Back to Index

Listen to sermon by clicking here:

Drawn By the Light
January 7, 1979

St. Paul's United Methodist Church

MATTHEW 2:1-12

fascination with the sky and with any unusual incident in the sky has been a part of human history. Certainly the ancient world was as fascinated and intrigued as we. We sang about the three wise men who not only were intrigued by that bright star but set out to follow. Indeed, they were drawn by the light. 

Today is the first Sunday of Epiphany. This is the season of the church year when we remember the trek of the wise men to the manger. Tradition tells us that they traveled about this time. Epiphany means “manifestation”. We celebrate and remember at this time, the manifestation, the showing, the revealing of Christ to the whole world. The light of the star is the theme of this season as we too are drawn by a light.

The wise men were probably called Magi, and were probably holy men of a tribe of priests from Persia. As in the Old Testament, there were tribes of priests called Levi. So the Magi were a tribe of priests probably in Persia. They were holy men. They were the philosophers of the day. They studied medicine, natural science and astronomy. Besides just studying the sky, they believed in astrology. They believed there were messages in the sky. They believed that the sky foretold the future. I suppose this is quite easy for us to understand and appreciate because the sky is orderly. The route of the stars and the planets is very dependable and very predictable, depicting a very orderly universe in which we live. 

So that anytime there was anything unusual in the sky, the ancient world believed that God Himself was invading into history, into the universe to announce something. This was also a time of expectation. There was a great deal of unrest and a sense of expectancy. Two Roman historians who lived at that time wrote that there was a general belief over that part of the world that out of Judea would come a ruler, or a group of rulers who would rule the world. This general  expectancy helps us understand why the government was so upset, and why King Herod was so shook by the idea that perhaps this prediction was coming true—that out of Judea would come one to rule the world. So the wise men left to follow, to seek the meaning of that star, intrigued by it, fascinated by it, drawn, magnetized by that star, by that light. 

The world today in which you and I live is also expecting something. There's an unrest. There is a  yearning, a deep, hungering and yearning for light. Time magazine reported this week on a new book called The Culture of Narcissism, American Life in an Age of Diminishing Expectations by Christopher Lasch. In this book, he evidently makes dire pronouncements and dire assessments of the United States today. “Storm warnings, portents, hints of catastrophe haunt our times. Defeat in Vietnam, economic stagnation and the impending exhaustion of natural resources have produced a mood of pessimism in higher circles, which spreads through the rest of society as people lose faith in their leaders. Social life becomes more and more warlike and barbaric. Protestant virtues no longer excite enthusiasm. But happy hookers stands in place of Horatio Alger as the prototype of personal success.” He contends that our society is desperately searching for meaning beyond itself. In other words, we're looking for light. We're looking for a Messiah. We’re looking for answers. We're longing for a star.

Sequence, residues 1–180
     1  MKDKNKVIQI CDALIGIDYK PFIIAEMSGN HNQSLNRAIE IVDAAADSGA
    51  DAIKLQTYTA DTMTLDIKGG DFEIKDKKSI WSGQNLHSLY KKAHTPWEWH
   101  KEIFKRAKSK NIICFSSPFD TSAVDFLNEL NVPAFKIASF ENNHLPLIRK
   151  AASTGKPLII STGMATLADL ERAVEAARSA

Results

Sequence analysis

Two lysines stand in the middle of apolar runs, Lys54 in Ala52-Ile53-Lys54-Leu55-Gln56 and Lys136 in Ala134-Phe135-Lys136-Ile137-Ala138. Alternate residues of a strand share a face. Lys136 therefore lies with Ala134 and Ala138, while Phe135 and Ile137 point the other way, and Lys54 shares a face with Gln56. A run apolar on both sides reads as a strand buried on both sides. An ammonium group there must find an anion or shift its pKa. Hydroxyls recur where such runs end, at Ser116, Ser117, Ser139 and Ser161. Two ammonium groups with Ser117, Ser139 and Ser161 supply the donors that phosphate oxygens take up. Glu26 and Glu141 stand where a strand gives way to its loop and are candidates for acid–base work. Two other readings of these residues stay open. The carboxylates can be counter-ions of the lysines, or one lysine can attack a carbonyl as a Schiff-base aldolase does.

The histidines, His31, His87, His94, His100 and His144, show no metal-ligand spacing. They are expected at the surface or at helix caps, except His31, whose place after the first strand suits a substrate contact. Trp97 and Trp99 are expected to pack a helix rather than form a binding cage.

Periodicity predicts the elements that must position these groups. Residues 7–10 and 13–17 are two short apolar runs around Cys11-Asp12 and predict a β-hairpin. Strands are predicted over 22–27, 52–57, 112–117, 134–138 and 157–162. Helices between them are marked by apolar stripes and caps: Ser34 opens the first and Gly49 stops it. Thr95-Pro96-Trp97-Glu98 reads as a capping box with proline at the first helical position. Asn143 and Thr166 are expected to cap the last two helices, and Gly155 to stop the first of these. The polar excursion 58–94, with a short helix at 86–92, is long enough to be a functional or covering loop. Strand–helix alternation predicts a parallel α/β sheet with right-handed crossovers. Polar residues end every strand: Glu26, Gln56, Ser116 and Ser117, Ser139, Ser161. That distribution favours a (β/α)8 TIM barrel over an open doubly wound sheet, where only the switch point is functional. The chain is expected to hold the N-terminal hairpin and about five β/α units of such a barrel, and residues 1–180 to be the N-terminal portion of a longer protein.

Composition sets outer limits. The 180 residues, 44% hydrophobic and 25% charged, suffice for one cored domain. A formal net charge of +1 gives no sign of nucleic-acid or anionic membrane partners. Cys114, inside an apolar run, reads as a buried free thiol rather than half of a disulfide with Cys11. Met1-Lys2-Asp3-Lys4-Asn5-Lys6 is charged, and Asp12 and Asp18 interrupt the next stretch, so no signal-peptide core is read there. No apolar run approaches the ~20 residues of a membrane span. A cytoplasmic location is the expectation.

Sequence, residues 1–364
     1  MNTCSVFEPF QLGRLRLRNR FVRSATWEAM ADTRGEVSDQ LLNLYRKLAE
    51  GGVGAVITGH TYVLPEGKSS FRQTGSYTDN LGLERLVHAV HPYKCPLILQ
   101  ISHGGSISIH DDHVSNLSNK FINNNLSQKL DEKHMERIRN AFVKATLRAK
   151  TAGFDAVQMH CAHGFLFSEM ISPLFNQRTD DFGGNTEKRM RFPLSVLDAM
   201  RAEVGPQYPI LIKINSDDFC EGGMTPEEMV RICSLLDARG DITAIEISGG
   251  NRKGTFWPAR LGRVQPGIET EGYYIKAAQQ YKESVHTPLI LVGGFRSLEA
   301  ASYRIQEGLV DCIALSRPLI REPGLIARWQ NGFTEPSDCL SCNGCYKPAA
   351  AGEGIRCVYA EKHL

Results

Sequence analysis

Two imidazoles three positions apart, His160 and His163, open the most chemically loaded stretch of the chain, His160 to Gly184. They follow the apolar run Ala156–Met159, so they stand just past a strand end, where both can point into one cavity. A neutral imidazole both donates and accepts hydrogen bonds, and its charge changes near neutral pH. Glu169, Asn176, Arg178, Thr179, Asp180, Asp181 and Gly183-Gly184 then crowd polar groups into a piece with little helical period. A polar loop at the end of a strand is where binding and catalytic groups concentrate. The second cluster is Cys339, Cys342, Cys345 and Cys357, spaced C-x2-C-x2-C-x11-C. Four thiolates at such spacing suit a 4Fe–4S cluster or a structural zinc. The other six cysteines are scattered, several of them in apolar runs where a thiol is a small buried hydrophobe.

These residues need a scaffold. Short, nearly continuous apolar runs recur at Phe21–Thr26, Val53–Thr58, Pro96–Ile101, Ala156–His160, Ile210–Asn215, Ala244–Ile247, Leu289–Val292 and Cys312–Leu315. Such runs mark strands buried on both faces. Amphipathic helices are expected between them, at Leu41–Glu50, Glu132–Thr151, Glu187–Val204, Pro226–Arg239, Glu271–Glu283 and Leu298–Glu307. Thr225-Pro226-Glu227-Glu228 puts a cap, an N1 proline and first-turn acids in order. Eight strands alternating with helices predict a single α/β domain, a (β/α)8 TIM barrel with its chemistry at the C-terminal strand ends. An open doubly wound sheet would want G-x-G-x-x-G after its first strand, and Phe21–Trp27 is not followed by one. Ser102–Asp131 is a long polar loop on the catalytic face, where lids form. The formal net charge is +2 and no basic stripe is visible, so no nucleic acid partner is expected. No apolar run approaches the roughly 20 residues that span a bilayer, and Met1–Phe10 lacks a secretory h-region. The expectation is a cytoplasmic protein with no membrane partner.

And the tragedy of our time is that so many people will follow anything, or anyone who has any kind of confidence. They will follow anyone who has any sense of absolutism, anyone with answers. They will follow any kind of a movement that has charisma and magnetism. We see cults mushrooming, springing up on every hand, and some of them with tragic consequences like Jonestown—horror tales of people who have sold their souls for something less than the true light. We see bizarre manifestations of Christianity capturing and captivating people. We see the rise of all kinds of religions. We see authoritative denominations reaching out and and pulling in people, drawing them, magnetizing them. The tragedy today is that people are desperately looking for any kind of light and will follow anything. 

Traditional religion, traditional churches seem to be failing. We don't seem to be reaching, we don't seem to be communicating our message. Perhaps it is hard for the world to understand our message that the light has already shined and is already shining for those who can see, that the Messiah, that hope for which people are yearning and longing has already come, and is already here. The world doesn't seem to appreciate that Jesus Christ is the answer, that Jesus Christ has come, that Jesus is the truth and the way and the life, that Jesus has revealed God and Jesus has shined. For those who will accept Jesus, for those who believe, for those who will accept his love in their hearts, for those who take his word seriously, for those who will follow him will find meaning and significance. They find their salvation. That’s our message, but the world doesn't seem to hear or see.